The aftermath saw mass exodus of Muslims from villages, which had been their homes for decades, to seek refuge in hastily erected camps across the district. As horror stories of murder, rape and destruction poured in, police went from camp to camp, registering complaints and promising swift justice.
But, despite a total of 567 FIRs being filed and several promises by the state government, victims are still waiting for justice. A year after the riots, investigations are still underway and court proceedings are continuing at a sluggish pace. A look at where the crucial riot-related cases stand:
August 27, 2013
It was the murder of three youths Shahnawaz, Gaurav Kumar and Sachin Taliyan that first triggered the violence. The Special Investigation Cell (SIC) set up by the UP government alleged that Shahnawaz was murdered by Gaurav and Sachin after he passed lewd comments about Gauravs cousin.
But while the FIR lists at least three other accused being present when Shahnawaz was allegedly killed by Gaurav and Sachin, police said that they have not found any evidence to back that claim. One of those named as accused in the case had, in fact, died in a railway accident two months before the riots. There is no evidence against the other two, said a senior police officer. The SIC is yet to file a chargesheet in the case.
After the attack on Shahnawaz, Sachin and Gaurav were allegedly lynched. The police filed a chargesheet in the case and arrested five people, who are facing trial under sections pertaining to rioting, criminal intimidation and murder.
Even though these murders triggered the riots, court proceedings remain sluggish, claimed the public prosecutor.
Charges were framed in the case in April this year, while the chargesheet was filed in November 2013. But it was only last week that the testimony of Gauravs father Ravindra Singh was examined in court, said Firoz Ali, the public prosecutor in the case, adding that the court is yet to hear the testimony of 35 other witnesses.
Jauli canal ambush,
September 7, 2013
After the Kawal murders, a series of mahapanchayats were organised in the district by both Muslim and Jat communities. Tension reached boiling point on September 7 when a group of Jats, returning from a mahapanchayat at Nangla Madhor near Kawal, were ambushed near the neighbouring Jauli canal around 4.30 pm.
The police later fished out six bodies from the canal and registered a case under sections pertaining to rioting, murder, promoting enmity between groups on the basis of religion and mischief by fire.
But, of the 60 people who were named in the initial FIR filed at Jansath police station, the SIC arrested two individuals after gathering evidence against them. The chargesheet in the case was filed in August and names at least six individuals, said the counsel.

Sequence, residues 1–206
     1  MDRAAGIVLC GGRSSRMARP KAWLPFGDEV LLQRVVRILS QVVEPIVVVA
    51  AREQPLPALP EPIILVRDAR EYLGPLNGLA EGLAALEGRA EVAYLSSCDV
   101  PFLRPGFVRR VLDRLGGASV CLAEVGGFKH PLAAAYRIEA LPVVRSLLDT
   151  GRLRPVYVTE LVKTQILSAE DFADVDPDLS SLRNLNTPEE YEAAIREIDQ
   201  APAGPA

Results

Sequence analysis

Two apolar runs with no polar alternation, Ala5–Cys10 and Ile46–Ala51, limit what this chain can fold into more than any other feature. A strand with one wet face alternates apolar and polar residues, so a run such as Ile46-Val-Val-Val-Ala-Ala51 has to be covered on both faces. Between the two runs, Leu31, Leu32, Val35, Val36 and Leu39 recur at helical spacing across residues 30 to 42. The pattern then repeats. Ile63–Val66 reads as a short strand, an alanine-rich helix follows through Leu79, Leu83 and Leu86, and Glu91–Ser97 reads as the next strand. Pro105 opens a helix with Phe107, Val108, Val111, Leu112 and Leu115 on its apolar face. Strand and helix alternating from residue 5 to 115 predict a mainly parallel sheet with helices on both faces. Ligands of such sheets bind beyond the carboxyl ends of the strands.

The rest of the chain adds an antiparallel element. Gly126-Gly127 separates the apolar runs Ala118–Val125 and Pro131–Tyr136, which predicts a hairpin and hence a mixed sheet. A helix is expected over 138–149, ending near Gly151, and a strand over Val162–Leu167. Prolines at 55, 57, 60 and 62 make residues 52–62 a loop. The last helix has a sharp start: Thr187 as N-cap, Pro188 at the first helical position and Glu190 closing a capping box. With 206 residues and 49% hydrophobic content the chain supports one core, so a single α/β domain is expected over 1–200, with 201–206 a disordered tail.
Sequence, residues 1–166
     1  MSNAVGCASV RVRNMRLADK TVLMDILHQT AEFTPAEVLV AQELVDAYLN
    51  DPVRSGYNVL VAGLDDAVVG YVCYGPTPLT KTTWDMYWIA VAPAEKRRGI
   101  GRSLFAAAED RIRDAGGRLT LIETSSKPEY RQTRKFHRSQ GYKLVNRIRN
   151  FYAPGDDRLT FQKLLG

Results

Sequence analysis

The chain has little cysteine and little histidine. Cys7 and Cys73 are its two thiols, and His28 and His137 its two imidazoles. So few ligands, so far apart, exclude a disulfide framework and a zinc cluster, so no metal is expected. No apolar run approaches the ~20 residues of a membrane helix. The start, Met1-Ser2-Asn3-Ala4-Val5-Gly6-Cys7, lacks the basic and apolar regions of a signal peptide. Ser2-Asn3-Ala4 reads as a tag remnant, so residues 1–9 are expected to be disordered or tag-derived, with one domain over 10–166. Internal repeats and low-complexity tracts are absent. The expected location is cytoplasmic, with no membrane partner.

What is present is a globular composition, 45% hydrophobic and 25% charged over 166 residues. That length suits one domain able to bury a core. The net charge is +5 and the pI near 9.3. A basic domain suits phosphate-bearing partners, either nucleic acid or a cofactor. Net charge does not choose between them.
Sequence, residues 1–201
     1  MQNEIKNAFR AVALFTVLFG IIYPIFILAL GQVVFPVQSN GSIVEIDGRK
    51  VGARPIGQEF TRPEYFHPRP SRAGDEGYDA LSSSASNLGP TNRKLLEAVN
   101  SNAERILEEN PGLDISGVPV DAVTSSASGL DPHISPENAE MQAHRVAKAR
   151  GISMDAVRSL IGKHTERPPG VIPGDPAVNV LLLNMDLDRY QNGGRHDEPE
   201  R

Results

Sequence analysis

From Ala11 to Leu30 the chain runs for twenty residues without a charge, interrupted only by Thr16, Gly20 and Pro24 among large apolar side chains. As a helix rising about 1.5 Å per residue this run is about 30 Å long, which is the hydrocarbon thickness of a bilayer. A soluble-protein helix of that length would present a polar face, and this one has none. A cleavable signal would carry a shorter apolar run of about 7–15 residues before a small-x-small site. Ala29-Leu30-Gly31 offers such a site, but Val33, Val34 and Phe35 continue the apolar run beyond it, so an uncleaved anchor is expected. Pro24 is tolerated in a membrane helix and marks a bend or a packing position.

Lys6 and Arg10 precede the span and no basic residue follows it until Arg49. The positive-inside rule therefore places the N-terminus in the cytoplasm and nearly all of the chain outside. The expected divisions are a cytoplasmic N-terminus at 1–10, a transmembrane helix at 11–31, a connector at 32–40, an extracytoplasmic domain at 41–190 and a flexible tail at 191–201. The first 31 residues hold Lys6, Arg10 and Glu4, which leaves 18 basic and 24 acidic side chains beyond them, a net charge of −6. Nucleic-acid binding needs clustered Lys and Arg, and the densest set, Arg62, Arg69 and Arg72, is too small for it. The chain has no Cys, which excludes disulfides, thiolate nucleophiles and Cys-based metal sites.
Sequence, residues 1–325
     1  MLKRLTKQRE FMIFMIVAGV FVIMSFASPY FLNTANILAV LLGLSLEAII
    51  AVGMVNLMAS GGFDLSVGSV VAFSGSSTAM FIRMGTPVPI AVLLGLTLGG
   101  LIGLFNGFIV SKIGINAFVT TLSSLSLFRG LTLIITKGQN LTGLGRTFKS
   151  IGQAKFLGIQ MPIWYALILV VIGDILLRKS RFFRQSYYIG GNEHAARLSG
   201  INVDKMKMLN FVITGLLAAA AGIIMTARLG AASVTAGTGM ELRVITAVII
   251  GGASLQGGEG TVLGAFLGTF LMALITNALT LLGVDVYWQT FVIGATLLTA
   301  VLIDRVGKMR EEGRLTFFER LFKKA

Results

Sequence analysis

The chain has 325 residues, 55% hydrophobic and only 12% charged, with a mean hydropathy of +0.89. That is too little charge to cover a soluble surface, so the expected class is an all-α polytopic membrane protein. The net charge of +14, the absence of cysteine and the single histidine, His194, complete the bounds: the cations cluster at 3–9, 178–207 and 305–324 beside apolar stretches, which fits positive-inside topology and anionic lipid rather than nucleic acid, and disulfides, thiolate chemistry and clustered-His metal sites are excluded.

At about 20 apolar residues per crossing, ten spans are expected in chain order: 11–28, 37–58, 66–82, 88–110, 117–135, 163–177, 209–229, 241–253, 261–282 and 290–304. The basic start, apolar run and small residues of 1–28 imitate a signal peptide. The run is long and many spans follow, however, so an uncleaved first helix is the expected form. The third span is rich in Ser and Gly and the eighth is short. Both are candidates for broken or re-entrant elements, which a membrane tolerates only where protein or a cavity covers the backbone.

Charges are yet to be framed in the case and, last week, one of the two arrested in the case applied for bail. Additional District and Sessions Judge Jitender Kumar denied the application, stating that the case was too serious for the accused to be given bail.
September 8, 2013
Before the Jauli canal ambush, the violence was primarily concentrated around Kawal village in Jansath area. But afterwards, rumours spread through the villages in the district that hundreds had been killed in the attack and their bodies were lost in the canal.
The immediate aftermath was rioting in Kutba village. As reports of arson, rioting and murder came in, the district administration sought help from the Army. The Army managed to rescue 26 people from the twin villages, but could not save eight others. As many as 23 people were injured.
At the time, those who had been attacked lodged at least three FIRs at Shahpur police station, with a total of 100 individuals named in them. The SIC eliminated duplication and, eventually, found evidence against four individuals, who have been arrested.
The violence at Kutba and Kutbi triggered the mass exodus of Muslims, which began on September 8.
A year later, the SIC has filed a chargesheet against the four arrested. But Firoz Ali, public prosecutor in the case, said that the case is proceeding at a snails pace. There are a total of 62 individuals listed as witnesses in the case, whose testimonies have to be taken. The charges havent even been framed yet, he said.
September 8, 2013
It was only after the riots subsided and an uneasy calm returned to Muzaffarnagar that the first gangrape case was lodged on September 20. In the subsequent weeks, the SIC lodged a total of seven cases pertaining to gangrape.
Eventually, one case was dropped due to lack of evidence, while another, involving a 40-year-old woman, was dropped after she turned hostile. In May, the SIC reopened the second case after the 40-year-old approached the Supreme Court in Delhi, alleging that she had dropped the case after the accused threatened her son. She said that her son was getting off the bus at Budhana Chowk, a busy neighbourhood in the city, when he was allegedly attacked by the same five men who had gangraped her, said a senior police officer.
After the SIC reopened the case following a Supreme Court directive that statements of victims in all gangrape cases in Fugana village be recorded again before a woman magistrate the 40-year-old reaffirmed that she had been gangraped, and that the men had berated her for being a Muslim before setting fire to her house.
Though the case was reopened, the five accused are still absconding, SIC sources said. The chargesheet in the case has not been filed yet as the investigation is still underway.
Police suspect that the number of rape cases registered represent only a fraction of the actual incidents of sexual violence against Muslim women during the riots.
On August 17, the Muzaffarnagar police announced a Rs 2,500 reward for any information that leads to the arrest of those accused in the gangrape cases.